Our programmes support individuals and organisations to be a force for good in the world, both in social and ecological terms, allowing people and planet to thrive.
I would love to thank everyone who has supported Think like a Tree on its journey, and acknowledge the dedication of Think like a Tree facilitators who develop and deliver high quality training and resources to a wide variety of audiences.
To be shortlisted amongst projects from around the globe is truly humbling, and I hope this will bring inspiration to all those sitting at home, worried about the state of the world, yet wondering whether they are too small to make a difference.”
Amongst the diversity some common themes emerge.
Many shortlisted projects are being led and shaped by the communities they serve. Despite many working on a relatively small scale, as a whole they respond to global challenges and their ripple effects e.g. the climate emergency, the COVID-19 pandemic and the war in Ukraine’s impact in Europe and much of the Global South.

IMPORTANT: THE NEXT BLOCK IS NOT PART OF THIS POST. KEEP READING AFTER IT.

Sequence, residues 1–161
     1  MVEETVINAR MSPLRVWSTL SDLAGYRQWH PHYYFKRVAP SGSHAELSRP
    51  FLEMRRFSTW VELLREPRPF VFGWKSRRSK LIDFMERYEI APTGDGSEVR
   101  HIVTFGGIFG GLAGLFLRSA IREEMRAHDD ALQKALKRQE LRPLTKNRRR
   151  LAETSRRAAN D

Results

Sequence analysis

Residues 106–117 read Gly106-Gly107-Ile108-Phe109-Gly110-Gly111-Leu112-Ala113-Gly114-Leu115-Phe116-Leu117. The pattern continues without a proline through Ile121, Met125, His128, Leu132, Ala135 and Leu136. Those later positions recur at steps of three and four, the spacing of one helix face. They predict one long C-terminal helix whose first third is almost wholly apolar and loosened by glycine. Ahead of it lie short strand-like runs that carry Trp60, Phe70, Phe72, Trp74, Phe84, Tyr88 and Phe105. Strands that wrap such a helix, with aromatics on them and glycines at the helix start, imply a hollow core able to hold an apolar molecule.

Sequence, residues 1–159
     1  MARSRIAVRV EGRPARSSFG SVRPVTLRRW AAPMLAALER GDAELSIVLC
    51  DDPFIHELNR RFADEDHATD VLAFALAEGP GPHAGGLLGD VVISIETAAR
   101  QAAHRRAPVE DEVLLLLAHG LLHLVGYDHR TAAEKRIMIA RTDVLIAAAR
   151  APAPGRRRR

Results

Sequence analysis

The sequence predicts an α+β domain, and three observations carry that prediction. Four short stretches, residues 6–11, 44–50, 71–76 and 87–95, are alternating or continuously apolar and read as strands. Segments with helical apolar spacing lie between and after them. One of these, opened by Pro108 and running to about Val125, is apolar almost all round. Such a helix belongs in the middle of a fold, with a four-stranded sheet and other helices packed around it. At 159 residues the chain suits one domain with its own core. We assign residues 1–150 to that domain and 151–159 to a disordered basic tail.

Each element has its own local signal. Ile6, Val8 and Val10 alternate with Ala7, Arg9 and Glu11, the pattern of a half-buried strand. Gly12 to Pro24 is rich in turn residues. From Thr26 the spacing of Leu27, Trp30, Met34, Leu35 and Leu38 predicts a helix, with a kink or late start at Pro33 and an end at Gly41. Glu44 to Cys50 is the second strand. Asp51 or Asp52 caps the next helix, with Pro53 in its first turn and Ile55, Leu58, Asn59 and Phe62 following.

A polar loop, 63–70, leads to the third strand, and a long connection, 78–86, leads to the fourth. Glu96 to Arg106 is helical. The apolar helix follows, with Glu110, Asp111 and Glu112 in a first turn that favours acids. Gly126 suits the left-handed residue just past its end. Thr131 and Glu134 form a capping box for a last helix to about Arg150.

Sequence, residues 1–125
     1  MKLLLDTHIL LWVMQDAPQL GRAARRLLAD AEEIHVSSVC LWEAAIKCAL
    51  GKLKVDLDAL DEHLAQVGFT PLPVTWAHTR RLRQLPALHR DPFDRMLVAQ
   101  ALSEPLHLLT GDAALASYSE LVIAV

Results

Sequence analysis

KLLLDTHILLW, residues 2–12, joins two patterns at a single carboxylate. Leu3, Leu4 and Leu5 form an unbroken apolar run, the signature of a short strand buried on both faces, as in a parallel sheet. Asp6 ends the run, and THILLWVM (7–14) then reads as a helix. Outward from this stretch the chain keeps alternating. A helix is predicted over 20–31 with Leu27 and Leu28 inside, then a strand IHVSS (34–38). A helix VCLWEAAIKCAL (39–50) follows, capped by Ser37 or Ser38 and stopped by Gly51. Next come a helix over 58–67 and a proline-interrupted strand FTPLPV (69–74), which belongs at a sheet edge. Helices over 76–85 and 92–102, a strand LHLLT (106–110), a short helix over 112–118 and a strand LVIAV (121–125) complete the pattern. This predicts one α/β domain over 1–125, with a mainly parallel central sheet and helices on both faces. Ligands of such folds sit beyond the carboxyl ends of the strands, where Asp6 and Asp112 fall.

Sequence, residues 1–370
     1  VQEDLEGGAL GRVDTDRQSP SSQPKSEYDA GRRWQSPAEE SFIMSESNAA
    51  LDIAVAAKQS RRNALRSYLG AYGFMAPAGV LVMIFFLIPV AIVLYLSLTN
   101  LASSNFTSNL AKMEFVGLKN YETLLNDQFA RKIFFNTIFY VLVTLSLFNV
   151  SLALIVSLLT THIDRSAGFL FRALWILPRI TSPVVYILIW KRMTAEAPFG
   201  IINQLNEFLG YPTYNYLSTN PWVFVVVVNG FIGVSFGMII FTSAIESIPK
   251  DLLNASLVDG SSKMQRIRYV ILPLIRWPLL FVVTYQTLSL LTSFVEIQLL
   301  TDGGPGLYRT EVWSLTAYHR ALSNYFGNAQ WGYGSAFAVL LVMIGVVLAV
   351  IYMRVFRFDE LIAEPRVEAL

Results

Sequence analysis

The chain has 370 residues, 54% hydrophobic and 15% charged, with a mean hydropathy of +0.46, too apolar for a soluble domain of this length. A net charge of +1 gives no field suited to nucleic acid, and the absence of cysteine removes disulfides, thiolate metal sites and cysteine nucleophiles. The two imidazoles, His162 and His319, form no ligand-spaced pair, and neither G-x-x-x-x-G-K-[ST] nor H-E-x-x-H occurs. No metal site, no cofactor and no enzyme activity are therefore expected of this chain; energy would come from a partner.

Indigenous groups living across the Amazon bioregion are on the frontlines defending rainforests from fossil fuel companies, while many organisations across the world are using regenerative practices to build health and resilience in the face of the climate crises and the impacts that are already being felt.
The COVID-19 pandemic delayed important work and put many communities at significant risk. Many of the shortlisted projects, despite having a core focus on environmental regeneration, have woven responses to this into their work. From setting up community health centres based on alternative currencies, barter, or solidarity economies, through to supporting people struggling with mental health challenges. They understand and demonstrate the interconnection between caring for people and caring for the planet.
Project applicants in Palestine and Ukraine are both directly impacted and responding to occupation and conflict. However, the Russian war in Ukraine is also having devastating impacts on the food security of communities across Africa, particularly those already experiencing displacement and climate impacts.
Despite these huge challenges every project on the shortlist is demonstrating an alternative to climate disaster, to ecological breakdown, to conflict and to inequality. Together they offer a story of hope, resilience and holistic practical action. They are re-developing ways to live in harmony with nature and each other. They are generating renewable resources, restoring ecosystems, nurturing solidarity and building health, wholeness and resilience. They are bringing life back to damaged land and oceans, and reversing silent springs.